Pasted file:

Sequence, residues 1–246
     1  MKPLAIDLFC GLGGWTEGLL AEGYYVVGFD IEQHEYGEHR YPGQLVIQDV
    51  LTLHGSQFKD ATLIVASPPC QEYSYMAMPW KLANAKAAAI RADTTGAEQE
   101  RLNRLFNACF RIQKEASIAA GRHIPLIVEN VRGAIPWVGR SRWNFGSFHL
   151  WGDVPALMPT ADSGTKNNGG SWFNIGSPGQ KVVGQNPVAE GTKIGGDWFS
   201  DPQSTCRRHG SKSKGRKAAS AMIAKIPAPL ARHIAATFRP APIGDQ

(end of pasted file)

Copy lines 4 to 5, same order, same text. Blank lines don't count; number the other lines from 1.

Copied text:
   101  RLNRLFNACF RIQKEASIAA GRHIPLIVEN VRGAIPWVGR SRWNFGSFHL
   151  WGDVPALMPT ADSGTKNNGG SWFNIGSPGQ KVVGQNPVAE GTKIGGDWFS